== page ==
If only they stayed home. If only they stayed to listen to more stories.
A story cannot hurt you like the real world can.
In a story, the child does not have to be cursed, and the child does not have to be afraid.
In a story, the child can be happy, and can continue to be beautiful.
Maybe, in a story, just like Cinderella, they would have donned a beautiful dress. They could learn to sew like Mamma and make a dress out of the cloak they stole to wander into the cruel world, a dress with an impossible, fictionally thin waist and long, big, flowing skirt.
Maybe, in a story, they wouldn’t be a monster.
Maybe, in a story, they could really be beautiful.
When the door opened, Mamma was there, shaking, holding her knife, covered in blood.
Blood had spread onto her cloak, onto her boots, and when the child looked up, onto her face.
For a moment, her knees weak, shaking, crying, she took in a deep breath, raising an arm, almost as if to hit the child.
They winced, lowering their head again, their eyes tearing up like Mamma’s.
Then, a terrified, desperate shout.
“Run, solskinn! Run and hide–”
With her last word, her shout was cut short by a croak and the sound of Mamma’s knife upon meat.
On the wooden floor of the cabin, the child watched blood drip down from Mamma, and when they looked up, there were three metal prongs sticking out of her.
The child was covered in her blood.
When Mamma’s lifeless body fell to the ground, behind her was a man, the glare of death in his eyes and hatred in his stance. As Mamma’s body cleared his line of sight, that glare then fell upon the child.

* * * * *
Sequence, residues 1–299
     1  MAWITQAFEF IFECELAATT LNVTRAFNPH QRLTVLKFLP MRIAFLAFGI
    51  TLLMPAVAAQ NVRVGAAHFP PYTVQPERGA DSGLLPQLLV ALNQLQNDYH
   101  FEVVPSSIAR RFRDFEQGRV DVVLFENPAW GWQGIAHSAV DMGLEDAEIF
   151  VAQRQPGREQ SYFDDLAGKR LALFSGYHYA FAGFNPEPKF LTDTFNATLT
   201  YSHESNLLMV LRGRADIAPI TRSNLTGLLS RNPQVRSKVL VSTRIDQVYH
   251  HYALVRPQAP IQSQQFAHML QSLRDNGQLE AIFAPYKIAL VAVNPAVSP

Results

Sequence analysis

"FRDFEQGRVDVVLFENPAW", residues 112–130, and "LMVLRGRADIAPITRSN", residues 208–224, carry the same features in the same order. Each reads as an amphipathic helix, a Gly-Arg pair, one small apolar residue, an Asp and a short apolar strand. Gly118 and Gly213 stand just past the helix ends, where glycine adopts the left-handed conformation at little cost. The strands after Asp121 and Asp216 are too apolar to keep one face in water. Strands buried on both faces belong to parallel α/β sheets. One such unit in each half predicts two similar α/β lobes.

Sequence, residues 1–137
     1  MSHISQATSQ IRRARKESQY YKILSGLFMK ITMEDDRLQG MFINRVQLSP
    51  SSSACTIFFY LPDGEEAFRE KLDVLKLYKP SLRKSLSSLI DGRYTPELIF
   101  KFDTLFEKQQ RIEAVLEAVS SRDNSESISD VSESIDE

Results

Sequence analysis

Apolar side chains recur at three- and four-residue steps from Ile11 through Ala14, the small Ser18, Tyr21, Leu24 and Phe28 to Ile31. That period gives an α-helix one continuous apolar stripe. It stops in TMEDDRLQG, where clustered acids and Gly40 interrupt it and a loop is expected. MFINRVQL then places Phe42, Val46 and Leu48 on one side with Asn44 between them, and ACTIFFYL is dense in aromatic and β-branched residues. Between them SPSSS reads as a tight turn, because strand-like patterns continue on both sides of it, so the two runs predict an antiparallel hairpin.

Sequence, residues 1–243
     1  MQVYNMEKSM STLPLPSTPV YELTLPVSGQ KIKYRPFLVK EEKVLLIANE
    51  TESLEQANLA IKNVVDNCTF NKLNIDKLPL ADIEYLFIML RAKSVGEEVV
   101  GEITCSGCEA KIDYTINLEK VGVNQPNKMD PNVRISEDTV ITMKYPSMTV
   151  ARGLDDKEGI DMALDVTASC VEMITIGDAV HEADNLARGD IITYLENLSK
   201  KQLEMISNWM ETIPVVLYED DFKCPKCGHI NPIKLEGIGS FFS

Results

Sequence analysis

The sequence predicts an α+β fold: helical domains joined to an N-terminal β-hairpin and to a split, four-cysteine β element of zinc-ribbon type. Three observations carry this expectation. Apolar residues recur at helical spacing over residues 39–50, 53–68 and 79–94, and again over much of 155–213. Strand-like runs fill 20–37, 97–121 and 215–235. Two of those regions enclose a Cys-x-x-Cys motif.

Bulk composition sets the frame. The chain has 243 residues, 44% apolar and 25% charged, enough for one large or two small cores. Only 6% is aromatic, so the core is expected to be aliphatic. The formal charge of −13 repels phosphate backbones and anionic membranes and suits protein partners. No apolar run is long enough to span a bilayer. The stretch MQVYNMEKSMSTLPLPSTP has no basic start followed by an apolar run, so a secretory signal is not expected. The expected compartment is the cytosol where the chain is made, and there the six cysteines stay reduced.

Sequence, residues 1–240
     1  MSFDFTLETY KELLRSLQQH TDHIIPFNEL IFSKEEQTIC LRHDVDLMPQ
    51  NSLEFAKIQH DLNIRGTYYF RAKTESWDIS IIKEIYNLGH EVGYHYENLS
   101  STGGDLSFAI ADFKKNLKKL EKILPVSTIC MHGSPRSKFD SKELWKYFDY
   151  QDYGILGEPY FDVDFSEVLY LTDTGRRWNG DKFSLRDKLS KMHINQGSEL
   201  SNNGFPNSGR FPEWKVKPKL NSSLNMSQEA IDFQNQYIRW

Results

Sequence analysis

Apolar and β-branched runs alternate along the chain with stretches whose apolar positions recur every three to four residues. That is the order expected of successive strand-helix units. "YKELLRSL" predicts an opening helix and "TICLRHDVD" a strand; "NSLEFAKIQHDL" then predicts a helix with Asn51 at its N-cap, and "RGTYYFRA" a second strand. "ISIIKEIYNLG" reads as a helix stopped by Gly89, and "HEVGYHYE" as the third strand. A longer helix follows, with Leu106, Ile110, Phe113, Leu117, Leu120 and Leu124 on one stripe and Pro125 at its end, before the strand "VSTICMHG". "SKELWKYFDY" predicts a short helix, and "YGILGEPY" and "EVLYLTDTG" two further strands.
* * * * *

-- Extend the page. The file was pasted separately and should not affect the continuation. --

The child was tired of running. Their legs were so tired that they thought they might break beneath them, and eventually, once the child had run far into the darkness of the forest night, they caved, collapsing onto the grass, sobbing, crying, gasping for air.
Ahead of where they collapsed, there was the stream, the bank of the river where Mamma killed the rabbit.
There it was, lying there in the moonlight, its blood staining the ground beneath it as it slowly dried, the edge of the water still slightly red.
The child crawled forward, clawing the dirt, pulling themselves forward toward the poor, soulless, lifeless rabbit. Once they reached its corpse, its flesh, they pulled it towards them, holding it close, ignoring its putrid smell, ignoring the blood that smeared onto them, onto their face, onto their hands.
The blood was red like Mamma’s, deep crimson.
The child crawled closer to the water, dipping their hands into its cold embrace. It wasn’t quite as cold as winter, but it still stung nonetheless.
There, into the river, their tears met with the current and flowed away, blending in perfectly with the water, the only difference between the two liquids being one was from the child whilst the other was from nature.
“If only it were that easy,” the child thought.
There, staring into the water, they dipped their whole arms in, the cloak now damp.
“If only it were that easy to blend in with it all, to be just like the rest of the world,” the child thought.
Leaving the rabbit on the riverbank, the child slowly slid into the river, holding themselves, shivering, cold, and tired.
“If only I could blend in perfectly with the water. Maybe then, I wouldn’t be a monster.”
When the baby was born, it had already been left behind by its own kind, left to travel across nature’s arms for all of eternity, the only place where their curse mattered not.
Human Child - End